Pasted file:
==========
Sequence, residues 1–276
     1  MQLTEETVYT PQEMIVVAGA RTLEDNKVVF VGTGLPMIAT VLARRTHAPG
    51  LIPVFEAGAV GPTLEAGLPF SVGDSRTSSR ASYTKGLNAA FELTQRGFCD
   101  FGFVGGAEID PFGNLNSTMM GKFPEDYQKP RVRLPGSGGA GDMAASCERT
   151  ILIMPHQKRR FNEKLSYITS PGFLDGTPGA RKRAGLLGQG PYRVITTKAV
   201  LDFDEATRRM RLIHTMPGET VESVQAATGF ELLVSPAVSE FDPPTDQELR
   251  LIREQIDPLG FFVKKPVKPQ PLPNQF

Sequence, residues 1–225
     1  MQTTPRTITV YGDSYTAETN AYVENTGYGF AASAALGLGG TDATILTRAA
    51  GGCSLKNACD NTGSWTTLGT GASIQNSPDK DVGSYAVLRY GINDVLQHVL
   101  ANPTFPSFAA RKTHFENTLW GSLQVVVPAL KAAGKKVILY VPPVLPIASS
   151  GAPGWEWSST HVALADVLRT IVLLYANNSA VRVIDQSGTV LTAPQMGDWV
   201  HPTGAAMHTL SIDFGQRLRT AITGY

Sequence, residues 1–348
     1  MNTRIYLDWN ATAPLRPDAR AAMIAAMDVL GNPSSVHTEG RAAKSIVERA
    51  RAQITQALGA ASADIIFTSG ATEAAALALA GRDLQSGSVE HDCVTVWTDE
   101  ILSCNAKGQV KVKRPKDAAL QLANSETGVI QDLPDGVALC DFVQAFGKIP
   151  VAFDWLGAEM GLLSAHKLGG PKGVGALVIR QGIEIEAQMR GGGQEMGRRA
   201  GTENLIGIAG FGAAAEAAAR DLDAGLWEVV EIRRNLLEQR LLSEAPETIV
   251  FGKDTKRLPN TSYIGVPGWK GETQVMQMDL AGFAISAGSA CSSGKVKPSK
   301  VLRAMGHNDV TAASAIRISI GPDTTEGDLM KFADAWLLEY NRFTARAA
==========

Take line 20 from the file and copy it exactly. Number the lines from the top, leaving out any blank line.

   251  FGKDTKRLPN TSYIGVPGWK GETQVMQMDL AGFAISAGSA CSSGKVKPSK